* If it’s not in the URL, get rid of it. [Law.com]
* Pedophiles are upset to learn that the 12-year-old they’ve been “violating” is actually 29. Another example of how TV and movies featuring twenty-something actors as smooth-faced teenagers warps reality. [AP via MSN]
* …and the con. [La Shawn Barber’s Corner]
Law Firm Names
* If it’s not in the URL, get rid of it. [Law.com]
- 9th Circuit, Aaron Charney, Drugs, Gay, Judicial Nominations, Law Firm Names, Morning Docket, Sullivan & Cromwell, Tax Law, U.S. Attorneys Offices, Wiley Rein
* Oh good, Cully says pro bono is ok again. [Washington Post; Washington Post (letter to the editor) via WSJ Law Blog]
* “Two things made Christopher Willever’s drunken burglary of a Tobacco Hut even worse as he crawled across the store floor — a lousy belt and his camera-loving backside.” [MSNBC]
* U.S. Attorneys’ increasing rate of attrition. [Wall Street Journal via WSJ Law Blog (departures generally); WSJ Law Blog (Kevin Ryan)]
* Tennessee is tennetaxin’ illegal drugs. [Time]
* Time for new business cards and letterhead over at Wiley Rein
& Fielding [Legal Times]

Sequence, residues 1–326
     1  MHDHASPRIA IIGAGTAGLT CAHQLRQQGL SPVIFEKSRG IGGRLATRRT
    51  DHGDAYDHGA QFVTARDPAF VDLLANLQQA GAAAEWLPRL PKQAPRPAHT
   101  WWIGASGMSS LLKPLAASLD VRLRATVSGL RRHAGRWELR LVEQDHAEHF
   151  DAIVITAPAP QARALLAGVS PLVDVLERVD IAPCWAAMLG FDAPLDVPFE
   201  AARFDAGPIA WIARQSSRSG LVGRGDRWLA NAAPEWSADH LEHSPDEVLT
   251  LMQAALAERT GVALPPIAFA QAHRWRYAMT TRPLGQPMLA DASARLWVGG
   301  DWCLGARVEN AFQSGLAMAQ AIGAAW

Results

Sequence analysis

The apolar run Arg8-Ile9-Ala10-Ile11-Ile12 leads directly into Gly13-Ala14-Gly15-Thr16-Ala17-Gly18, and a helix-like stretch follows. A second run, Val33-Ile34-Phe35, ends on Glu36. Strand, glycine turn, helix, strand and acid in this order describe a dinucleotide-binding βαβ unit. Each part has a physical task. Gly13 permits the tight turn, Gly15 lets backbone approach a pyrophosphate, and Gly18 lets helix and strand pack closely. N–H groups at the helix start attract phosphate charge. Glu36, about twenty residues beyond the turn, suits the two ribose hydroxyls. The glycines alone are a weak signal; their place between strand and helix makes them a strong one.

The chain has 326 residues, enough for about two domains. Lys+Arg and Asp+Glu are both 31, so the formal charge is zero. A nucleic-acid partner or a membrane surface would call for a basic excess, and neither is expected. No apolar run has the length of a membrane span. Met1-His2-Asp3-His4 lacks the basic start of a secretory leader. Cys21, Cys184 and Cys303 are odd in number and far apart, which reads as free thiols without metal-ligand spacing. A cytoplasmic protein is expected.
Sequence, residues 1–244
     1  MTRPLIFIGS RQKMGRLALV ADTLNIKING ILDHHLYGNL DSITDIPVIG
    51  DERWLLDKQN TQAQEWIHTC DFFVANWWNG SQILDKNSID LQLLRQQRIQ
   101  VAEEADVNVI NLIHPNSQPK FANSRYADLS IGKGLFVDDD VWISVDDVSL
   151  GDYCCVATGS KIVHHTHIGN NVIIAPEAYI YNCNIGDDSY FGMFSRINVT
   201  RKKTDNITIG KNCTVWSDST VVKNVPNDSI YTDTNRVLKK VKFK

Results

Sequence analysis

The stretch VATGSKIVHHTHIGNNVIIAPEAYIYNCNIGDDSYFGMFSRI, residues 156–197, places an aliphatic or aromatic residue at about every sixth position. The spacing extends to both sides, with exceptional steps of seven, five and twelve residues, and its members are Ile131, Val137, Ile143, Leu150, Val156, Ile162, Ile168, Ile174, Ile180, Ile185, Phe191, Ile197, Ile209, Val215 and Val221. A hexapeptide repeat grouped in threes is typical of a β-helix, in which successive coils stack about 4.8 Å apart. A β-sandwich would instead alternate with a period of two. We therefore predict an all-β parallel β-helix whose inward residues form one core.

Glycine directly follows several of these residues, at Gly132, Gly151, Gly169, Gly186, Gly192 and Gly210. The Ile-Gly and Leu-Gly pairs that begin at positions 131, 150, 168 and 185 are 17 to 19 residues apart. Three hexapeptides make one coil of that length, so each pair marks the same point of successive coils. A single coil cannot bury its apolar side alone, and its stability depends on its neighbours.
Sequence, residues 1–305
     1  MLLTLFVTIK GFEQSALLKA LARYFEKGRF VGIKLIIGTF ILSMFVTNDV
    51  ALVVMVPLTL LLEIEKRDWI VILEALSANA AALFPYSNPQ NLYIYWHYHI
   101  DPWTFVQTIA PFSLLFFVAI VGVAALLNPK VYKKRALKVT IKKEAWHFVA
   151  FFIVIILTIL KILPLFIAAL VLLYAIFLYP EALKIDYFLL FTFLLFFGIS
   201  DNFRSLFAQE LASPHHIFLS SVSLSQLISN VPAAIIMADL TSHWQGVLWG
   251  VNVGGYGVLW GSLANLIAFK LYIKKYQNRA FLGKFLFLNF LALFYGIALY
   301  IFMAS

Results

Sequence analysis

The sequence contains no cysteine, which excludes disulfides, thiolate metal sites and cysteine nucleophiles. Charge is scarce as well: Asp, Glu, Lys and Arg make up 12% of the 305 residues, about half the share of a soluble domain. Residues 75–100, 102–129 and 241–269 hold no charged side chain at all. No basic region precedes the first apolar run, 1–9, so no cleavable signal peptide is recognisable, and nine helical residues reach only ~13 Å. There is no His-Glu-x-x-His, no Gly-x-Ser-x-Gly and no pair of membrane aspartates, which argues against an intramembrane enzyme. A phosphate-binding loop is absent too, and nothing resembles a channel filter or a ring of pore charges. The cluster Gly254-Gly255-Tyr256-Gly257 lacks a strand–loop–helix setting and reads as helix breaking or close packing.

* The mystery raised here has been answered. Richard Posner isn’t the only federal government official who likes to blog. [Opinion Juris]
* Gay Sullivan & Cromwell partner David Braff, to the New York Times: “I’ve been openly gay since I arrived at this firm in 1984. There’s absolutely no atmosphere of hostility toward gay people here.”
[New York Times via DealBook]
* The fight over whether Judge Stephen S. Trott’s seat on the Ninth Circuit belongs to Idaho or California has been resolved — for now. [How Appealing]
* Is CBS attempting to redress any previous restraints on free speech? You know more than a few submissions will feature wardrobe malfunctions. [CBS]
* Because the long-standing Dewey Cheatem & Howe joke is not fair to Dewey Ballantine, which is already feeling like the pathetic, STD-ridden dumpee that it is. [Concurring Opinions]
* The next logical step is for the publishers of Gray’s Anatomy to sue ABC — and for the next edition of said text to feature the United Colors of Benetton cast on its cover. [FN1] [The Agitator]
[FN1] It has come to my attention that a lot of lawyers and those who love them don’t have time for even must-see TV. So please note that the ubiquitous Postal Service single is featured on the Grey’s
Anatomy soundtrack. See how that works?
- Biglaw, Cooley Godward, Kronish Lieb, Law Firm Mergers, Law Firm Names, Law Professors, Porn Names, Richard Lieb
In our post last month about the merger of Cooley Godward and Kronish Lieb, we wondered aloud: And What About Mr. Lieb? His name was unceremoniously dumped from the moniker of the new entity, which will be known as “Cooley Godward Kronish.” Ouch.
Readers have subsequently informed us of what Richard Lieb is up to these days. He can be found alive and well, teaching a full load in the Bankruptcy LLM program at St. John’s University School of Law. He also still maintains an office at the firm, where he’s a retired partner (of counsel).